Beginners Guide to Host Static Content on a Server

Beginners Guide to Host Static Content on a Server

Recently, I took a session on hosting static content on a web server for Free Software Camp 2020. This is somewhat a written write-up for that.

Basic Requirements

  1. A server with ssh access.
  2. A domain (an IP would also work, but we’ll also add TLS certificate to it so recommended).
  3. A Debian based system.

Table of Content

  1. Firing up a virtual private server
  2. Adding DNS entry
  3. Adding content
  4. Writing nginx config
  5. TLS certificate or making the site HTTPS

Firing up a virtual private server

As every provider has a different interface to configure and launch an instance, I’m mentioning the generic steps/requirements:

Note: Egress traffic (outgoing traffic) is usually open on all ports.

Adding DNS entry

Now some addition in you’re DNS records:

ping <domain-name>

If you see the corresponding IP address in response, it has propagated successfully.

Adding content

Now we have to add the content we want to serve through the server.

Writing nginx config

We’re going to use nginx. Nginx is a server software (to handle content requests) that can also be used as reverse proxy, load balancer and a bunch of other stuff.

sudo apt install nginx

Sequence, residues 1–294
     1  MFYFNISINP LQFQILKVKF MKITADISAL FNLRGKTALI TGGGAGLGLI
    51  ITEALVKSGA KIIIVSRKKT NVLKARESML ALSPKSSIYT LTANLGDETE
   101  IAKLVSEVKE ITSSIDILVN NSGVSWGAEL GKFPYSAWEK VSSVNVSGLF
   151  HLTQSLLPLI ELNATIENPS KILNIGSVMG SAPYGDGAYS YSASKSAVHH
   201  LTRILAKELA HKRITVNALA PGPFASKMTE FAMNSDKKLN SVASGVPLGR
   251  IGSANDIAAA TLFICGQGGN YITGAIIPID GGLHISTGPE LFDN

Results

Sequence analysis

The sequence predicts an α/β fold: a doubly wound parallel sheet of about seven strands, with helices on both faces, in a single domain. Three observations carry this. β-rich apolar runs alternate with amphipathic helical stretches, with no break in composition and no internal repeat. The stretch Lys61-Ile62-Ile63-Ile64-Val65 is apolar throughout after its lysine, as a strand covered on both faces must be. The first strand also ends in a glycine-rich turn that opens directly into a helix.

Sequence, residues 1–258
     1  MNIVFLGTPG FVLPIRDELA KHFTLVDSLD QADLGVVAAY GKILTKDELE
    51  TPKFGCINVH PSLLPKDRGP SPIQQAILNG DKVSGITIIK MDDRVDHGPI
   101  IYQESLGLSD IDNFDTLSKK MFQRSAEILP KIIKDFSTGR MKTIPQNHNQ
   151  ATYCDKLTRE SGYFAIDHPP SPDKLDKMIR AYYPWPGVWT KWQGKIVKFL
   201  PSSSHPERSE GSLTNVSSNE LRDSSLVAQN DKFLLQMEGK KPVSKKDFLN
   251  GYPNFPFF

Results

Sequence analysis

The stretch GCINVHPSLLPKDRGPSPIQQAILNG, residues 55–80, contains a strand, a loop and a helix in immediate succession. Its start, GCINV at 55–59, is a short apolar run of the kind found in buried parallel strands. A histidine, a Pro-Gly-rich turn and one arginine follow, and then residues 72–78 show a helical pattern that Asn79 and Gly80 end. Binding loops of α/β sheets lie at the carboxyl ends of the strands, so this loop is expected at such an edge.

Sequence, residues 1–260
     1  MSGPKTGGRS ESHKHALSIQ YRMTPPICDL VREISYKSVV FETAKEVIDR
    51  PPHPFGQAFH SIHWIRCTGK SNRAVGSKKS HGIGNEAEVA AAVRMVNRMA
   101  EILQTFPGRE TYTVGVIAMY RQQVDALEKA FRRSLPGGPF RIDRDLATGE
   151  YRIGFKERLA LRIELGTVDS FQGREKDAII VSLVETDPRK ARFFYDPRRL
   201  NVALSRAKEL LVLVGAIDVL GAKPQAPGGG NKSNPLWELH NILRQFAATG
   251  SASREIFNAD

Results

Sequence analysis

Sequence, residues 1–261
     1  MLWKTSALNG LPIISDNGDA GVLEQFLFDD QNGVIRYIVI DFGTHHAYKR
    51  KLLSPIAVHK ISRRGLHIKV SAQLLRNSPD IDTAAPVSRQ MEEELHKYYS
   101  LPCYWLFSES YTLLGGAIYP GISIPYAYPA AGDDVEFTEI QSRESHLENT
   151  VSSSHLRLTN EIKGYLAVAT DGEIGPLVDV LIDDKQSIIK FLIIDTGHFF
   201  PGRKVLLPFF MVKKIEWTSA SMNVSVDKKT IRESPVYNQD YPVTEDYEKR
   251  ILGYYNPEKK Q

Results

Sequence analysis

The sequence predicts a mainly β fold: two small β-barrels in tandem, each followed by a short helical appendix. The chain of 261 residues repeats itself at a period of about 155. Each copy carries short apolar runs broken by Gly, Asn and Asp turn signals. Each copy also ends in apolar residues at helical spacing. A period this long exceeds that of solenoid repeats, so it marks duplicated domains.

Note: sites-available and sites-enabled are Debian family specific directories. Others use/recommend conf.d.

server {
	# ports nginx should listen to
	listen 80;
	listen [::]:80;

	# name and location of our site content
	root /var/www/fscamp;	

	# defining index file in root
	index index.html;

	# defining server name
	# you can add wwww.fscamp.sahilister.in in addition to point and serve same content
	server_name fscamp.sahilister.in;

	# defining a 404, when content not found
	location / {
		try_files $uri $uri/ =404;
	}
}
ln -s /etc/nginx/sites-available/<file> /etc/nginx/sites-enabled/<file>

# In our case, it would look like this
ln -s /etc/nginx/sites-available/fscamp /etc/nginx/sites-enabled/fscamp
sudo systemctl restart nginx

TLS certificate or making the site HTTPS

Now to get a TLS certificate and encrypt the connection between a user and our server, we’ll use Let’s Encrypt and certbot. It does the heavy lifting, adds additional required nginx configs and get us 90 days TLS certificate (which has to be renewed after that).

sudo apt install python-certbot-nginx

That’s your basic website on your server.